Act wants to give all state schools the option of becoming charter schools, Act leader Jamie Whyte said today.
That would give them freedom to opt out of the control of the Ministry of Education, to give boards control of how their money was spent, and be more innovative, he said.
"No school board that doesn't want these freedoms would be forced to have them," Dr Whyte said.
School Boards that wished to stay under Ministry of Education direction could choose to do so.
"However, I expect that a large portion would choose to be free and that we would see dramatic improvements in the performance of schools, especially those teaching children from poor families."
The party will try to negotiate the policy in a confidence and supply agreement with National.
Act successfully negotiated for the provision of five charter schools in its 2011 confidence and supply agreement - despite it not having been a policy feature of the party during the election campaign.
It provides for schools that are totally state-funded but run privately under contract to the Ministry of Education. Fees are not allowed to be charged and they must be an alternative to a state-run school.
The central feature of Act's education policy remains education vouchers and Dr Whyte compared it to the way supermarkets and other businesses compete for customers.
"Education should be supplied by educators competing for parents' voluntarily patronage.
"Educators should have to win the business of willing customers, just as supermarkets do, just as clothes stores do and just as builders do.
"Government should make sure that every child gets an education by providing all parents with a voucher, redeemable at any school of their choosing. Otherwise the government should have no more involvement in the education business than it has in the food business."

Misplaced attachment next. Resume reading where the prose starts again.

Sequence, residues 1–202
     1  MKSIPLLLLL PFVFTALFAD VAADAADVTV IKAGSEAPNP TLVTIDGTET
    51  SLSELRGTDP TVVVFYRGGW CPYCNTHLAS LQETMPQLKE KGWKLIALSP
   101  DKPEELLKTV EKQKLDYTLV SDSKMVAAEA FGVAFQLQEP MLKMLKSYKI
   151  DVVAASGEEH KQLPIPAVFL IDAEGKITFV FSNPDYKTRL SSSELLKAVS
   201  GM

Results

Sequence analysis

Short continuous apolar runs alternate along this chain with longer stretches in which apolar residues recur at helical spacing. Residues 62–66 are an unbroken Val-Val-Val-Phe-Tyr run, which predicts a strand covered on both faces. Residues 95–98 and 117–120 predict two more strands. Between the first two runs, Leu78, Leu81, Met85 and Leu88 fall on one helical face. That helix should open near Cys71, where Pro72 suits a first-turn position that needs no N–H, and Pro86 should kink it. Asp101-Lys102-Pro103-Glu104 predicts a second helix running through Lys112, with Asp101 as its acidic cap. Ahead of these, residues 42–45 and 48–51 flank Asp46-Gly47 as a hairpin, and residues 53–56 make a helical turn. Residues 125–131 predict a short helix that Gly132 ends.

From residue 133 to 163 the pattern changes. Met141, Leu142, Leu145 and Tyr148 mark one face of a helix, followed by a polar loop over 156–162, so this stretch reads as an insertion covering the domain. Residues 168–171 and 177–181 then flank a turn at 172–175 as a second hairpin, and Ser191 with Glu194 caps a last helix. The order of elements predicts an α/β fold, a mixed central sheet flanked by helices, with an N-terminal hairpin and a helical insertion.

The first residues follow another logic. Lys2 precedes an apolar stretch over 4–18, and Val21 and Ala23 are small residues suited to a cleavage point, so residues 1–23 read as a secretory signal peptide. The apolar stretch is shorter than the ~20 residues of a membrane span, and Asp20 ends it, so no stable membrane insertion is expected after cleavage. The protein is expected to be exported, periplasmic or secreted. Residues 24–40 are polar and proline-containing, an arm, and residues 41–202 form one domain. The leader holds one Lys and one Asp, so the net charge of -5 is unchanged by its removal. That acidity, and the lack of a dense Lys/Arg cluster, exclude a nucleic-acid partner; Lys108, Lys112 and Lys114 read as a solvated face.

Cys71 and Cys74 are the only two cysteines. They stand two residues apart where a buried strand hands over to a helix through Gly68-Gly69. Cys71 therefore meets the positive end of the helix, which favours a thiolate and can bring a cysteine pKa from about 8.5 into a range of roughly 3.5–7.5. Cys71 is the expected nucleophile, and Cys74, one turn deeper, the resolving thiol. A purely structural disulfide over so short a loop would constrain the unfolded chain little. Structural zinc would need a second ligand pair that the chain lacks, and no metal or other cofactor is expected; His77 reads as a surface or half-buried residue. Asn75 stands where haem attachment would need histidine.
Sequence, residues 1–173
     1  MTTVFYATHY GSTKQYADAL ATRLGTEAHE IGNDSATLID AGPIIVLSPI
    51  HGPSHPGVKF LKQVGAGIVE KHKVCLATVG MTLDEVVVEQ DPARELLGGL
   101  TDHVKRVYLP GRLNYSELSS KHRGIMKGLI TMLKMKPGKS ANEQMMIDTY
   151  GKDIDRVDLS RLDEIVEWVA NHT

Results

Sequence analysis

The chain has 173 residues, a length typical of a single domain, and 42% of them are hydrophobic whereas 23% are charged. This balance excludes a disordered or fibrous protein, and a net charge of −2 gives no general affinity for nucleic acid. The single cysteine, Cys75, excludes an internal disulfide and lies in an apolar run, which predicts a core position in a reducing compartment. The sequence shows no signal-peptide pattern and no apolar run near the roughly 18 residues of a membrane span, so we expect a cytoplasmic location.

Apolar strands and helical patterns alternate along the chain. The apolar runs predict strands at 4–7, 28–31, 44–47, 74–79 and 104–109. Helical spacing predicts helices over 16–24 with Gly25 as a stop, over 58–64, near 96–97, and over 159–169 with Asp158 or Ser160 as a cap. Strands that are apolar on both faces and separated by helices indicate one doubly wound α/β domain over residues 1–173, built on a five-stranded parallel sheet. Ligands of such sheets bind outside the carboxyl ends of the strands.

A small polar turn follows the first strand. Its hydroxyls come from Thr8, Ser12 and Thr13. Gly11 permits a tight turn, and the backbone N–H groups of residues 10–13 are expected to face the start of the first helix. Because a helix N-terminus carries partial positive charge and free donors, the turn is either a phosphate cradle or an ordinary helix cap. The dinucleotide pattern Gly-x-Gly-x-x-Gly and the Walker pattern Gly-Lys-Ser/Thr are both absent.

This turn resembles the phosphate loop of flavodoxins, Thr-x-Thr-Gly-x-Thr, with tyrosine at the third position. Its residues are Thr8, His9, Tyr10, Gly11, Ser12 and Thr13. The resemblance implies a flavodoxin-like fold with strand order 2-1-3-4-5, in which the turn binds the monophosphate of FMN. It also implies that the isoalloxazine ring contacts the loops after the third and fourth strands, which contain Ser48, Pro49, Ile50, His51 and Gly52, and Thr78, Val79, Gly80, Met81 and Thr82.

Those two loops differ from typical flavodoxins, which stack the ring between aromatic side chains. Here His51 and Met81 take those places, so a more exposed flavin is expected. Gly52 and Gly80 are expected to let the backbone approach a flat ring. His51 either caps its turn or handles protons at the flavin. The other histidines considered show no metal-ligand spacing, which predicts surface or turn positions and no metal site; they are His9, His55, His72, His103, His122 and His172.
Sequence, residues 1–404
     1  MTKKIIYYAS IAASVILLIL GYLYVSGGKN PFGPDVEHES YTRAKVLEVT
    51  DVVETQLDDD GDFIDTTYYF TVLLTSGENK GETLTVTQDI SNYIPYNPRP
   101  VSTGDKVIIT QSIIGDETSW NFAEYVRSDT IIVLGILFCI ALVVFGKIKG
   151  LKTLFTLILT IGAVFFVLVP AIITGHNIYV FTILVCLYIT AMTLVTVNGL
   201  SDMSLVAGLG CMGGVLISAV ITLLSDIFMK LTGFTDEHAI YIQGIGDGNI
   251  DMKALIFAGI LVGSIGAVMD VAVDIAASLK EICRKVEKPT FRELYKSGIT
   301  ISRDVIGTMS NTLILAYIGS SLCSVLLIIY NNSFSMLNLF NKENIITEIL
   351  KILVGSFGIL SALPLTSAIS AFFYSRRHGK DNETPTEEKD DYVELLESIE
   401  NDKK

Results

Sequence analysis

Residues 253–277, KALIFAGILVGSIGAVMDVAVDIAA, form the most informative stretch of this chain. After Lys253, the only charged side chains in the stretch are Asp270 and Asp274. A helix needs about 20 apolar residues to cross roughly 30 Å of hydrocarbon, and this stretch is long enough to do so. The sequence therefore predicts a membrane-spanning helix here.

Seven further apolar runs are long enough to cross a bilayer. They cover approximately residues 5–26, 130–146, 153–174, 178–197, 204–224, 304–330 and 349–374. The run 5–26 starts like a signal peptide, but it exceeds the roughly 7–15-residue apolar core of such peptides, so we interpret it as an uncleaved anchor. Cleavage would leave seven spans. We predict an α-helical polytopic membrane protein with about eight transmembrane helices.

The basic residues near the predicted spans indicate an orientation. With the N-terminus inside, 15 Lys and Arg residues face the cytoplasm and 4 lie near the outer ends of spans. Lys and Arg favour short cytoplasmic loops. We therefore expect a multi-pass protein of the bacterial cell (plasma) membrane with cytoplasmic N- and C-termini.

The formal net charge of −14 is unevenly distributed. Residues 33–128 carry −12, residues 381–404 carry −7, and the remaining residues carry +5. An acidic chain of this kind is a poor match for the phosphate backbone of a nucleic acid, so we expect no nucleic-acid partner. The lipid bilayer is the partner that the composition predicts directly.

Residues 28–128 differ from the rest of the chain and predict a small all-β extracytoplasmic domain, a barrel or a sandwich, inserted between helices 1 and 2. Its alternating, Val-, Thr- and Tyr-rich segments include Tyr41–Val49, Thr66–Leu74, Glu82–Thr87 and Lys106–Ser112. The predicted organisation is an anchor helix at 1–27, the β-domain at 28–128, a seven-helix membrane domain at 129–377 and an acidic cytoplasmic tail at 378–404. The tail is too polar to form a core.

Dr Whyte, a former philosophy lecturer, was speaking at Act's northern regional conference in Takapuna and he named some of the teachers who had influenced him.
"Education is not important merely for your standard of living. It runs deeper than that. Education forms you. It is part of what makes you the person you are.
"I'll name some of the teachers who have contributed not only to my progress in life but to who I am.
"There was Mr Heath, my Standard 2 teacher at Melon's Bay Primary. He was a long haired sax-playing jazz musician who inspired an enduring love of music in me.
"Mr Taimana at Buckland's Beach Intermediate taught a few of us University Entrance maths even though we were only 12, and made me realize that we are often capable of more than we realize.
"Miss Stevens, my history teacher at Pakuranga College, made me understand that the way we live today is not just a natural fact but the result of big ideas that have been battled over for centuries.
"Then my philosophy lecturers at Auckland and Cambridge taught me how to be truly boring at parties."